Conservationists opposed to the government's development plans for Lamma are proposing that an eco-tourism theme park be built instead of a residential compound that will almost double the population of the island.
The green-themed proposal would be modelled on the Eden Project in Cornwall, England. It could house exhibitions on Lamma wildlife and the history of Hong Kong's mining industry, community and art projects and even small guest houses, he said.
But residents say the government plan is needed in the sleepy eastern Lamma area to keep the younger generation on the island's shores, and they support the planned development in an old 20-hectare quarry site on the quieter southern town of Sok Kwu Wan.
Watch: Lamma residents voice concern over new development plans
The government plan, a mix of housing and leisure developments, would eventually encompass a 34-hectare area - destroying a restored wilderness area and taking the population from about 5,900 people to 11,000.
But with the two-month consultation period drawing to a close on Saturday, environmentalists say the government's plan may open the floodgates to demands for expanded facilities and it could threaten the area's ecology.
The Eco-education and Resources Centre and the South Lamma Concern Group say they have collected 6,000 signatures from hikers on the island in favour of the eco-tourism theme park proposal.
"We support development. But the type of development with hotels and malls will just destroy the character of Lamma," Stanley Chan Kam-wai, creative director of the centre, said.
"Businesses such as seafood restaurants can benefit the local economy and are not in conflict with the natural environment. The creation of an eco-tourism spot will be a win-win situation," added Chan, who has been a resident of the northwestern town of Yung Shue Wan for more than four years.
The government's plan is to build 1,200 private flats and 700 Home Ownership Scheme subsidised flats. A shopping arcade, a resort hotel and centres for water sports and outdoor recreation are also in the blueprint.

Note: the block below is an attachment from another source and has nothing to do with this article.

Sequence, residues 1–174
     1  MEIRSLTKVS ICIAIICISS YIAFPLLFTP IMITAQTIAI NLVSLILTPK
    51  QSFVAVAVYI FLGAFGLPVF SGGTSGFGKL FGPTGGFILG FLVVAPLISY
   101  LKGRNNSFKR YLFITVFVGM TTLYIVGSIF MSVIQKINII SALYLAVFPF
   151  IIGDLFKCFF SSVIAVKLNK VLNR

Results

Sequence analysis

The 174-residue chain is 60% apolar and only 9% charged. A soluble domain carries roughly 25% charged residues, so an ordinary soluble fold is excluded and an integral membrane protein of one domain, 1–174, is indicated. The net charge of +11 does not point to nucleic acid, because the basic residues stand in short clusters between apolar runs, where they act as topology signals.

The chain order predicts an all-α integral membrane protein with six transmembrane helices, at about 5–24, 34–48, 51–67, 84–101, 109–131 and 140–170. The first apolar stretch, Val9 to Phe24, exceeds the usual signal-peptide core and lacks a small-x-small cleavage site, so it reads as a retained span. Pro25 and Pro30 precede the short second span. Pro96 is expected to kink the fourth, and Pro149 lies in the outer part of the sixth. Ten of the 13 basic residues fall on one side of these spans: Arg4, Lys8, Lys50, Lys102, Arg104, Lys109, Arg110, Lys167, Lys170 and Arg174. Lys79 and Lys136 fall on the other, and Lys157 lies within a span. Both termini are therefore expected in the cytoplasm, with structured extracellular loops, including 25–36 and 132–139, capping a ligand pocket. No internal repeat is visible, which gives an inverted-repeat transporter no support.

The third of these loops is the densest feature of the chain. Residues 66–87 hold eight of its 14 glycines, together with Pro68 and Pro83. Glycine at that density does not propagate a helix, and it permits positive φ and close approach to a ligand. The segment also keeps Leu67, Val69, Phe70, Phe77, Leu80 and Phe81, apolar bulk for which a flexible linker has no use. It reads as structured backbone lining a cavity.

Chan said the resulting light pollution would threaten wildlife including Romer's tree frogs - a species found only in Hong Kong - and endangered green turtles, which nest in the south of the island.
On the other side of the dispute is Ahtat Wong, a second-generation villager who runs a shop near the Sok Kwu Wan pier.
Wong, who has been advocating for development on internet forums, said: "Self-proclaimed conservationists or tourists oppose development here.
"Have they put themselves in the shoes of an old man who has nothing but a piece of land? How can you criticise him for selling it?" Wong sees development as a chance to bring new facilities to the island. "With a registered population of only some 300, the government won't want to give us the facilities we need … We don't even have 24-hour emergency medical services.
"When someone needs emergency help outside office hours, it takes half an hour for medical personnel to get to Sok Kwu Wan pier from the city, then more time to get to the scene, depending on the location. Are human lives less important than Romer's tree frogs?"
Tam Kam-kiu, who grew up in southern Lamma and now sits on the rural committee, sees economic opportunities as well as improved services from the government plan.
He said Tung O village lost a planned luxury hotel and marine project after protests by green groups scuppered the application to the Town Planning Board in 2011.
"There are only a few elders left in the village as the young have all moved out to find work," Tam said. "It was only a few years ago, when news about the project emerged, that some wanted to return. About 30 of them applied to build small houses as they believed the hotel would make this village a resort."